+++ ICDP: Call for Proposals - Next Chance January 15, 2018 +++ Highlights and Updates Moved to the new ICDP Web Site +++

A Bushveld Scientific Drilling Project

 

Description

BushveldWith on the order of 1 million km3 of igneous rocks, the Bushveld Complex by itself constitutes a Large Igneous Province. Its size alone poses first-order questions about how such vast volumes of magma are generated from the mantle. However, apart from its size, the Bushveld has several other features that make it remarkable.

  1. Unlike most Large Igneous Provinces, the Bushveld Complex is largely plutonic and represents the roots of such systems. It is the world's largest preserved igneous intrusion and presents a unique record of magma chamber processes on a truly grand scale.
  2. The Bushveld Complex is bimodal in composition, with subequal proportions of mafic and felsic igneous rocks. This compositional diversity provides an opportunity to study relationships between mantle and crustal sources of magmatism in detail.
  3. The Bushveld Complex contains fabulous mineral wealth, with resources of strategic and high-tech metals that are vital for both the South African and the global economies. Most important are the platinum-group elements, with on the order of 70% of world reserves, but there is very large production of Cu and Ni, Chrome, Vanadium, Fluorspar, Tin and dimension stone. The opportunity for cooperation with the mining industry can be of great mutual benefit.

An ICDP project on the Bushveld Complex will focus and coordinate efforts of the international community to solve major outstanding questions relating to large-scale melting of Earth's mantle, to magma chamber processes including the concentration of ore metals, and to the impact of mass and heat flux by magmas and related fluids into the shallow crust, the surface and the atmosphere.

The Bushveld Scientific Drilling project will advance the following ICDP science themes:

  1. Large igneous provinces and mantle plumes,
  2. Natural resources, and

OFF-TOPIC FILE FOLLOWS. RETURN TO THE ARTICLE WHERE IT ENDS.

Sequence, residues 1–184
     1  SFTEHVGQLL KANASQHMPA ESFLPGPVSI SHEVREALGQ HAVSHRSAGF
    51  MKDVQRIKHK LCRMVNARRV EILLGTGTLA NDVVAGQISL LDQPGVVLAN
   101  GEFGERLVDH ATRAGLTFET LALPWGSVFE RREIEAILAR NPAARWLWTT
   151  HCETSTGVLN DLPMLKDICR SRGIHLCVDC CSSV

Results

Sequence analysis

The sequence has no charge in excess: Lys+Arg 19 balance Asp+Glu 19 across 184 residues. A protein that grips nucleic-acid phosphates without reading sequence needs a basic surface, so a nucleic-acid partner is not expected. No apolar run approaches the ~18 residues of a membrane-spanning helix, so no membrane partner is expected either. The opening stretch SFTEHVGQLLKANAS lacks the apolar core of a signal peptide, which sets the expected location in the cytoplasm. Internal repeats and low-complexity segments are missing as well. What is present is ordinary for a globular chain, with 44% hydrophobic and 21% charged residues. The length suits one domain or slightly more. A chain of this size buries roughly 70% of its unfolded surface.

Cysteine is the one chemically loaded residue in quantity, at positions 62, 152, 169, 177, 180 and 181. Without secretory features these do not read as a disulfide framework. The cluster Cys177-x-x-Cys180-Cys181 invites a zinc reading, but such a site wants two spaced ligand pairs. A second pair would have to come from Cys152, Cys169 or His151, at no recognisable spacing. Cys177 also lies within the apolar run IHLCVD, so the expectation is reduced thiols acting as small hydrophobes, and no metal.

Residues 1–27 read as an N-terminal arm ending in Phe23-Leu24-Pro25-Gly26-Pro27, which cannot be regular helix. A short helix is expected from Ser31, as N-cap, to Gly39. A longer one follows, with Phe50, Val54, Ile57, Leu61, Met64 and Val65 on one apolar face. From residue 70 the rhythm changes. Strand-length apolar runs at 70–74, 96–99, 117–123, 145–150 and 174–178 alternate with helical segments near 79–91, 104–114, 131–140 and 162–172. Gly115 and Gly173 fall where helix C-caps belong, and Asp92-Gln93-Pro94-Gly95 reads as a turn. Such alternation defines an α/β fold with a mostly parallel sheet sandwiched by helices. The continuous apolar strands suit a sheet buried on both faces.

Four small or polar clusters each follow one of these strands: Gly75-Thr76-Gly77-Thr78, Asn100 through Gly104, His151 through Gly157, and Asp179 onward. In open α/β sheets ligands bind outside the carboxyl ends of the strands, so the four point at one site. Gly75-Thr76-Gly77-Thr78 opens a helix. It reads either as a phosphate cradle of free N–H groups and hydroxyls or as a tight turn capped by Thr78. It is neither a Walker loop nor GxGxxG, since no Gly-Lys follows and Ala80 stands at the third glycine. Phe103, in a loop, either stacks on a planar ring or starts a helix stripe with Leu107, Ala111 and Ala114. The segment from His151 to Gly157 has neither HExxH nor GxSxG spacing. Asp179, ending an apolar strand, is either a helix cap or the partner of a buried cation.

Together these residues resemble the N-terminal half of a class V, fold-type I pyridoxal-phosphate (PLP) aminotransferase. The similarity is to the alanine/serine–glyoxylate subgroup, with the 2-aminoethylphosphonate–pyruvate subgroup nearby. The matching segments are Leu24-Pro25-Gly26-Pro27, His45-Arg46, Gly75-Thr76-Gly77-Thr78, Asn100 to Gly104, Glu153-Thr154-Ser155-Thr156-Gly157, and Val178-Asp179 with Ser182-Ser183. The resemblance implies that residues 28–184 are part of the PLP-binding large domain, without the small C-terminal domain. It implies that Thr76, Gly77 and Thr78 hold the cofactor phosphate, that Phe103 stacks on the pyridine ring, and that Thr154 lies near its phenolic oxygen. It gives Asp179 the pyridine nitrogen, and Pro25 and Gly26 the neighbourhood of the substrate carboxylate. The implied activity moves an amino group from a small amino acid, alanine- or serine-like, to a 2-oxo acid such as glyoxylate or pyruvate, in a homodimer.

3. Volcanic systems and thermal regimes.

An ICDP project can play a major role in capacity building, it can lay the foundations for a curated, internationally-available reference collection of Bushveld material for future research, teaching and for public outreach as a geologic heritage site. This contribution will be of lasting value to the international community.

Figure R. Trumbull©


 

Location

Africa, South Africa, Bushveld

 

Coordinates

24° S, 28° E (Please scroll down to end of page for more information.)

 

Project Start and End
  • workshop in preparation

 

Principal Investigators
  • Robert B. Trumbull, German Research Centre for Geosciences, Section 3.1, Inorganic and Isotope Geochemistry
  • Lewis D. Ashwal, University of the Witwatersrand, School of Geosciences
  • Philip Barnes, National Institute of Water and Atmospheric Research, Coasts and Oceans
  • Sarah Jane Barnes, University of Toronto, Department of Earth Sciences, Jack Satterly Geochronology Laboratory
  • Jean H. Bédard, Geological Survey of Canada, Natural Resources Canada
  • Alan E. Boudreau, Duke University, Nicholas School of the Environment and Earth Sciences, Division of Earth and Ocean Sciences
  • Grant Cawthorn, University of the Witwatersrand, School of Geosciences
  • John D. Clemens, University of Stellenbosch, Department of Earth Science
  • Janine Cole, Council for Geoscience, South Africa, Geophysics
  • Patrick Cole, Council for Geoscience, South Africa, Geophysics
  • Christoph Gauert, University of the Free State, Department of Geology
  • Chris Harris, University of Cardiff, School of Biosciences
  • Robert Harris, Oregon State University, College of Earth, Ocean, and Atmospheric Sciences
  • Lutz Hecht, Museum fuer Naturkunde, Leibniz Institute for Research on Evolution and Biodiversity at the Humboldt University Berlin
  • Marian Holness, University of Cambridge, Department of Earth Sciences, Bullard Laboratories
  • Francois Holtz, University of Hannover, Institute of Mineralogy
  • Jens Kallmeyer, German Research Centre for Geosciences, Section 5.3, Geomicrobiology
  • Judith Kinnaird, University of the Witwatersrand, School of Geosciences
  • Wolfgang Derek Maier, Cardiff University, School of Earth and Ocean Sciences
  • Edmond A. Mathez, American Museum of Natural History, Department of Earth and Planetary Sciences
  • James E. Mungall, University of Toronto, Department of Earth Sciences
  • Thomas Oberthür, Federal Institute for Geosciences and Natural Resources, Mineral Raw Materials
  • James Scoates, University of British Columbia, Department of Earth, Ocean and Atmospheric Sciences
  • Christian Tegner, University of Aarhus, Department of Geoscience
  • Trond Helge Torsvik, German Research Centre for Geosciences, Section 2.5, Geodynamic Modelling
  • Trond Helge Torsvik, University of Oslo, Department of Geosciences
  • Jill A. Van Tongeren, Rutgers University, Wright Labs, Department of Earth and Planetary Sciences
  • Ilya V. Veksler, German Research Centre for Geosciences, Section 3.1, Inorganic and Isotope Geochemistry
  • Susan Jane (Sue) Webb, University of the Witwatersrand, School of Geosciences
  • Allan Wilson, University of the Witwatersrand, School of Geosciences

 

Keywords

Africa, BUSHVELD, ICDP-2013/12, Igneous Intrusion, Ore Deposits, South Africa

 

Current State

Done

 

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